Virgin has been in Times Square for more than a decade
The biggest record shop in New York, the Virgin Megastore in Times Square, is to close in April.
The 75,000 sq ft store, which opened in 1996, is one of six currently operating under the Virgin name in the US.
However, its fate has been uncertain since Virgin boss Sir Richard Branson sold his North American entertainment arm in August 2007.
Virgin's other New York branch, in Union Square, is unaffected by the closure move.
According to US music trade magazine Billboard, the store is being closed because its current owners, property firms Related and Vornado, can lease the space more profitably to another tenant.
The two firms acquired the Virgin Entertainment Group North America in a joint venture 18 months ago.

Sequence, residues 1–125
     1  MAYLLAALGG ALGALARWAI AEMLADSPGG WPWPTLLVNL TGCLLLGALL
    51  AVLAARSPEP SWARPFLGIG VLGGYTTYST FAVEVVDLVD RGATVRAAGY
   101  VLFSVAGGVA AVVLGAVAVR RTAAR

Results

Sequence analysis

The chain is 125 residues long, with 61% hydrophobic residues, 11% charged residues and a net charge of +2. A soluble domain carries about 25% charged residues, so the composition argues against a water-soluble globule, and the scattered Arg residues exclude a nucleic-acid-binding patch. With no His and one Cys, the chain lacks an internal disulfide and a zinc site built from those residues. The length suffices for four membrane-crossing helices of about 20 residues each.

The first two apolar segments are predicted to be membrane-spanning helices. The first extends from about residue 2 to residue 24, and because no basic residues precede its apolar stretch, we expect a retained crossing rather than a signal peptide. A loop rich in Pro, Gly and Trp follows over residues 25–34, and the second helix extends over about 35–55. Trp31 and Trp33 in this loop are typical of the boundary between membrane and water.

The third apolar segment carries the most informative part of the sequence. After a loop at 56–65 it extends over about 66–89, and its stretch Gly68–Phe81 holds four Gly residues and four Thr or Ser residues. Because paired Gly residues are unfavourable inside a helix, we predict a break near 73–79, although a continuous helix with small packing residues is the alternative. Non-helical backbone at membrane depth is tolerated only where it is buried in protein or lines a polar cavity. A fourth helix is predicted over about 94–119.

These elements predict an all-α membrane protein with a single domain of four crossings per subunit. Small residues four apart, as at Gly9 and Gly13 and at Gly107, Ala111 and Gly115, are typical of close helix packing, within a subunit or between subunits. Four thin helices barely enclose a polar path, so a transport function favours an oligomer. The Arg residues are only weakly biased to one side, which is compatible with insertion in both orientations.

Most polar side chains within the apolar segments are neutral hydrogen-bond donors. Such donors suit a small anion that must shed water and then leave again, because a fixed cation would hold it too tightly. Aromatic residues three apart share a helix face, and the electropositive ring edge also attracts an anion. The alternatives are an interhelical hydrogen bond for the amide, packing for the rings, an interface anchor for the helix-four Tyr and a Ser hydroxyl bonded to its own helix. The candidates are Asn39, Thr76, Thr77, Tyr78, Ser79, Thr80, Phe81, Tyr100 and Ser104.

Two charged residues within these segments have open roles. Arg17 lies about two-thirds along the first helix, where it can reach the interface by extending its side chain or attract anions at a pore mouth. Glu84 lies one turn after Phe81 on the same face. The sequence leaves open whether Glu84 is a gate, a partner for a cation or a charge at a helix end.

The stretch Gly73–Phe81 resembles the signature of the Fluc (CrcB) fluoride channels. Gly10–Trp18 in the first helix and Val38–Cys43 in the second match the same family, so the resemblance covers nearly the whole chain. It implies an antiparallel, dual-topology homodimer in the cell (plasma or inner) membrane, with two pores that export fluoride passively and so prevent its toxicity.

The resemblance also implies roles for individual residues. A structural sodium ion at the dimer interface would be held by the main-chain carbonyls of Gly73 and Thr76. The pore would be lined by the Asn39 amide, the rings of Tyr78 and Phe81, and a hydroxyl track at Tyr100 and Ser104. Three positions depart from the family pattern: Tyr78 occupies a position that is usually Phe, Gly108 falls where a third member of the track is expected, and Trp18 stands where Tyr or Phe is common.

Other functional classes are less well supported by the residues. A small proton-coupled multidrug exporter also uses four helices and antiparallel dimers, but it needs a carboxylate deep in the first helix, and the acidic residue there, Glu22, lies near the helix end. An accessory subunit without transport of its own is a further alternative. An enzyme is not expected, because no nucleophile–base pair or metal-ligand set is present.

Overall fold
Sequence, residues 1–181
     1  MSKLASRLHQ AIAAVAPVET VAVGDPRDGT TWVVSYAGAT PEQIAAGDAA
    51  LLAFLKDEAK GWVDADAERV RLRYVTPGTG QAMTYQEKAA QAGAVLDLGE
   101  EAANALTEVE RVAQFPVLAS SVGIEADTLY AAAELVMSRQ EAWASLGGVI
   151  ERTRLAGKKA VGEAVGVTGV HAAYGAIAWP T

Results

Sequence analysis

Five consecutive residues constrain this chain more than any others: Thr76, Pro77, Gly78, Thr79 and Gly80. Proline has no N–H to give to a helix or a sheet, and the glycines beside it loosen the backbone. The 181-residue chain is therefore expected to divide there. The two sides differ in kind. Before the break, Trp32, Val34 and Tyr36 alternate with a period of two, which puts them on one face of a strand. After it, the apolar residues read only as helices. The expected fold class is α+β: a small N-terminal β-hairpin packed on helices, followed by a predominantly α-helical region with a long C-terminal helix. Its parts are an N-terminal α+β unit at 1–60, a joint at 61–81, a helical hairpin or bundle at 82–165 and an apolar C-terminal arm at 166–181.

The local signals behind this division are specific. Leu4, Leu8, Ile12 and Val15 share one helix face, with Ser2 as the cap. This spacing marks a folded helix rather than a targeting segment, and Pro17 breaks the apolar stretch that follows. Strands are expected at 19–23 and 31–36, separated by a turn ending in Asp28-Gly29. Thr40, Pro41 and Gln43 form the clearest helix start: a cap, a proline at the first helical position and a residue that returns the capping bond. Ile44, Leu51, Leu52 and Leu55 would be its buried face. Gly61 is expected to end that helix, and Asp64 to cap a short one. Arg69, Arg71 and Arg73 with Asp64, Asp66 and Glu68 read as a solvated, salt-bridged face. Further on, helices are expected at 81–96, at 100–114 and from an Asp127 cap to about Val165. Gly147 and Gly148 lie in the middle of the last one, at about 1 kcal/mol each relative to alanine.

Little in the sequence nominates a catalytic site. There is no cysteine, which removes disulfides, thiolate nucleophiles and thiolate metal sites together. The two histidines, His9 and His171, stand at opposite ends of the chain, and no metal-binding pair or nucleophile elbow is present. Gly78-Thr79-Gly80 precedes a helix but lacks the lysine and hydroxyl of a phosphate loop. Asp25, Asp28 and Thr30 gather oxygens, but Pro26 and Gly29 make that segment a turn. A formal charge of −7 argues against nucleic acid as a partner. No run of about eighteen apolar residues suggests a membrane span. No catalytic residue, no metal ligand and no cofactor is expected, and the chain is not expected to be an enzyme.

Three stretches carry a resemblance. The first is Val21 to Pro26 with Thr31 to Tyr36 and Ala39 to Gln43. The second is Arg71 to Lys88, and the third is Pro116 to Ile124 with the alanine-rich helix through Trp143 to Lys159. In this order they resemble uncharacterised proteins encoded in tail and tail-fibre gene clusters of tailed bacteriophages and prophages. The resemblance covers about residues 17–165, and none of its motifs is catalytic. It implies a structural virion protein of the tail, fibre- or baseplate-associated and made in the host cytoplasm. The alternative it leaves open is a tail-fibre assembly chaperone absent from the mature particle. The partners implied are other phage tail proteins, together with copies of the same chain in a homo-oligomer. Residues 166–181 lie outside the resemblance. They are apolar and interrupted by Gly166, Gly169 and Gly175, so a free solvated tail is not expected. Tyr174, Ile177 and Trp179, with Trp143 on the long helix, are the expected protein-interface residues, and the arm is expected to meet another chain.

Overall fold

Billboard quoted a Vornado executive as saying that Virgin paid just $54 per sq ft in rent for the location, whereas the market rent in the area was about $700.
Virgin has been the only major music chain in New York since 2006, when Tower Records went into liquidation. HMV pulled out of the US market in 2004.
Record shops of all kinds have been hard hit worldwide by declining sales of CDs and the rise of digital downloads.
However, the Virgin Times Square store makes an annual profit of $6m on sales of $55m, according to sources quoted by Billboard, making it the highest-volume music store in the US.
Although the Virgin brand appears on storefronts around the world, none of them are now owned by Sir Richard Branson's Virgin Group.
Most of Virgin's music stores internationally are run by the French-based Lagardere Group, which acquired them in 2001.
In the UK, Virgin's shops were rebranded as Zavvi following a management buy-out in September 2007. The chain went into administration last month following the collapse of its main supplier, Entertainment UK.